EEG and EMG Studies of Hand Dystonia
This study will examine how the brain operates during execution and control of voluntary movement and what goes wrong with these processes in disease. It will use electroencephalography (EEG) and electromyography (EMG) to compare brain function in normal subjects and in patients with focal hand dystonia. In dystonia, involuntary muscle movements, or spasms, cause uncontrolled twisting and repetitive movement or abnormal postures. Focal dystonia involves just one region of the body, such as the hand, neck or face.
EEG measures the electrical activity of the brain. The activity is recorded using wire electrodes attached to the scalp or mounted on a Lycra cap placed on the head. EMG measures electrical activity from muscles. It uses wire electrodes placed on the skin over the muscles.
Adult healthy normal volunteers and patients with focal hand dystonia may be eligible for this study. Patients will be selected from NINDS's dystonia patient database.
Participants will sit in a semi-reclining chair in a darkened room and be asked to move either their right index finger, right foot, or the angle of their mouth on the right side at a rate of one movement every 10 seconds. Brain and muscle activity will be measured during this task with EEG and EMG recordings.
|Official Title:||EEG Study of Movement-Related Center-Surround Organization in Hand Dystonia|
|Study Start Date:||October 2001|
|Estimated Study Completion Date:||October 2010|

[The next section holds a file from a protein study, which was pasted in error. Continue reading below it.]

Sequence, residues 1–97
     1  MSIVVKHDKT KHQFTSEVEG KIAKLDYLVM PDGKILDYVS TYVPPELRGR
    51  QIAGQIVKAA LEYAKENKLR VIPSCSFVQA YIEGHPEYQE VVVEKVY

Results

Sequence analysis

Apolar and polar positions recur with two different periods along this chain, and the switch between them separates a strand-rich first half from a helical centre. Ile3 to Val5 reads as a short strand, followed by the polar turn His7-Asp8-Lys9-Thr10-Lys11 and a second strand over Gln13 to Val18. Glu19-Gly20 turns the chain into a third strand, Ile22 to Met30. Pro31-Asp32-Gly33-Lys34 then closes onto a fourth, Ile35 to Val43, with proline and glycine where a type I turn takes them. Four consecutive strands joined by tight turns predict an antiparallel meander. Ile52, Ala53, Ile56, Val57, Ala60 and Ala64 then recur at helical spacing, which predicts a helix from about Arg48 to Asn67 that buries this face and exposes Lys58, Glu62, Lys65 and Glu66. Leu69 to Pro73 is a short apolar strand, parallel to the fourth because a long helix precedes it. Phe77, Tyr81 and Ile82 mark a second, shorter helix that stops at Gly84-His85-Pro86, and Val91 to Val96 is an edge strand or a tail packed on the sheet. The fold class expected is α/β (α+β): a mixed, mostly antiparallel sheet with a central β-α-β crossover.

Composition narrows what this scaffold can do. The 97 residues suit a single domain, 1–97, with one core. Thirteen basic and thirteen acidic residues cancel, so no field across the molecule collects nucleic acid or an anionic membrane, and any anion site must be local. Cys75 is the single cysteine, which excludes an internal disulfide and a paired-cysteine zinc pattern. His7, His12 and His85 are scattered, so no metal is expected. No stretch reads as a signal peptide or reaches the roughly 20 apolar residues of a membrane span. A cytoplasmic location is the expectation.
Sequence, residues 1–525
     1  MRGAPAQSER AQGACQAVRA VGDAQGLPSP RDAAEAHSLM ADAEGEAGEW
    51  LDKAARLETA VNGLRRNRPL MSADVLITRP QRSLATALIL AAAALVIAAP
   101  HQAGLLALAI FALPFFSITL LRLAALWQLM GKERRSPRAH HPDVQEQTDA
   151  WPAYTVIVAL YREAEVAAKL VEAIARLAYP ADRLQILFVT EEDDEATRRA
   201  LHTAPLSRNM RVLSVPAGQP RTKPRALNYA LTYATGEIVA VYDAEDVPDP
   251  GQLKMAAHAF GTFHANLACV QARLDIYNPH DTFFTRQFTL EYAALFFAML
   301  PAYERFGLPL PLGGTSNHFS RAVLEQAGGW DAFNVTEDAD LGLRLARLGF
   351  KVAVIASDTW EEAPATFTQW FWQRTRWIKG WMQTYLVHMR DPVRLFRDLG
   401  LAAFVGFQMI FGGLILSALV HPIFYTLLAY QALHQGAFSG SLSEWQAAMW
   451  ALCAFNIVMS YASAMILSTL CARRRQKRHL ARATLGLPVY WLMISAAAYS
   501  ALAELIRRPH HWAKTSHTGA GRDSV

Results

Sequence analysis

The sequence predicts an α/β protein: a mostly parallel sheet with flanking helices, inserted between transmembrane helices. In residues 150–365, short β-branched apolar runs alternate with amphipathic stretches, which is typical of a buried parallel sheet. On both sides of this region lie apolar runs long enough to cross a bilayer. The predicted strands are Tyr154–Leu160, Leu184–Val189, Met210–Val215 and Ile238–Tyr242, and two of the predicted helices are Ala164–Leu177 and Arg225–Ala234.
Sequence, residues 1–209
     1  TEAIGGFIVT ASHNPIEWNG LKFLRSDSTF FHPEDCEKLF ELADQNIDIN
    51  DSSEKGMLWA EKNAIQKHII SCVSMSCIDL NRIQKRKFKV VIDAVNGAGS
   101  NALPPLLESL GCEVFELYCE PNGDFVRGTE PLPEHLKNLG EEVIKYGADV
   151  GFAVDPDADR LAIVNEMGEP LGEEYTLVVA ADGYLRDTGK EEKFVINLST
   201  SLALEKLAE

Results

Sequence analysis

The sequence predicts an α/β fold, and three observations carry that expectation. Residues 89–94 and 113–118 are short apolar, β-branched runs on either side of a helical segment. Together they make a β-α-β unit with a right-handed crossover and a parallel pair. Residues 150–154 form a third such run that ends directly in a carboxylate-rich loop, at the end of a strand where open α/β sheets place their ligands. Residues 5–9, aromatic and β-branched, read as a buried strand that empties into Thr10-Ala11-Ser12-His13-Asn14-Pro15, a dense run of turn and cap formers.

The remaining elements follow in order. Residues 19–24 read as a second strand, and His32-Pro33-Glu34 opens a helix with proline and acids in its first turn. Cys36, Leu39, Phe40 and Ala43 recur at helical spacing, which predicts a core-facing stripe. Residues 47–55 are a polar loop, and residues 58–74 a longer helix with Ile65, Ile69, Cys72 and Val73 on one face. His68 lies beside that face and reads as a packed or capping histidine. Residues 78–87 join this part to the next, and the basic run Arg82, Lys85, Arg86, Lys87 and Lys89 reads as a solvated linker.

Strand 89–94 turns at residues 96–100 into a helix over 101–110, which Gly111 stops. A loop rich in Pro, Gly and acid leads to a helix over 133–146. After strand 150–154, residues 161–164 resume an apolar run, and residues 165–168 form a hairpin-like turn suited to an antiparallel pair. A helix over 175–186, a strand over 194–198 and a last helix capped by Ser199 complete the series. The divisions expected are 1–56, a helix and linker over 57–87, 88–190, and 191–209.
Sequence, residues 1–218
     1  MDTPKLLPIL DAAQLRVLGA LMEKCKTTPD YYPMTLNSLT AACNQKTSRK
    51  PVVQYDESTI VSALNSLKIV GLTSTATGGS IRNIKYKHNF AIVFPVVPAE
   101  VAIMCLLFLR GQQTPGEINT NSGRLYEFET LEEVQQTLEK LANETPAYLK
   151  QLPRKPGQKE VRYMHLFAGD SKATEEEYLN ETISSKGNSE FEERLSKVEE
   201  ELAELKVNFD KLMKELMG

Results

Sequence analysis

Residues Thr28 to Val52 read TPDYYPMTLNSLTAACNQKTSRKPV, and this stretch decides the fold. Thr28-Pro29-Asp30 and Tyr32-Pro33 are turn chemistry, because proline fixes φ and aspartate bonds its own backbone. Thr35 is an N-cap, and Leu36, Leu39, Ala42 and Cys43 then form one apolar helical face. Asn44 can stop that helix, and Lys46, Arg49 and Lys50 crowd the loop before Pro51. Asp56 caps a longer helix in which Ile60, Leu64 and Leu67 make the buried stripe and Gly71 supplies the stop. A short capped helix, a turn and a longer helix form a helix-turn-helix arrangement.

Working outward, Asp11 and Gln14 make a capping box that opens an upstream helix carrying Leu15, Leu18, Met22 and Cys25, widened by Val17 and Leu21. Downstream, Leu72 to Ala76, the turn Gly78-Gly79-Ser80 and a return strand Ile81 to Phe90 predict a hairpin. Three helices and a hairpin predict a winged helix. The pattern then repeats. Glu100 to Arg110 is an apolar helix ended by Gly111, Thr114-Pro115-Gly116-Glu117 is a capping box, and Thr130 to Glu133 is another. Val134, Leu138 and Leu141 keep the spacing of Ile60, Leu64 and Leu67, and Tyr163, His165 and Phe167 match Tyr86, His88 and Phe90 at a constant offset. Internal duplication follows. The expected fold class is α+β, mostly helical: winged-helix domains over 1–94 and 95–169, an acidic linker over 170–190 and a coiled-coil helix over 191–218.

- To find and quantify EEG/MEG correlates of cortical center-surround organization and intracortical inhibition.
- To compare these between healthy volunteers and focal hand dystonia (FHD) patients.
- Healthy volunteers and FHD patients.
- The study has two separate arms aiming to examine the same question. In the first one subjects perform a 4-choice contingence negative variation (CNT) type motor task while multi-channel EEG and EMG are recorded. In the second arm somatosensory evoked potentials (SEPs) or fields (SEFs) are recorded to median nerve stimulation.
- First arm: EEG band-power difference between "center" and "surround". Second arm: number, amplitude, and power of high frequency oscillations (HFOs) component of SEPs/SEFs.
Please refer to this study by its ClinicalTrials.gov identifier: NCT00025701
|United States, Maryland|
|National Institutes of Health Clinical Center, 9000 Rockville Pike|
|Bethesda, Maryland, United States, 20892|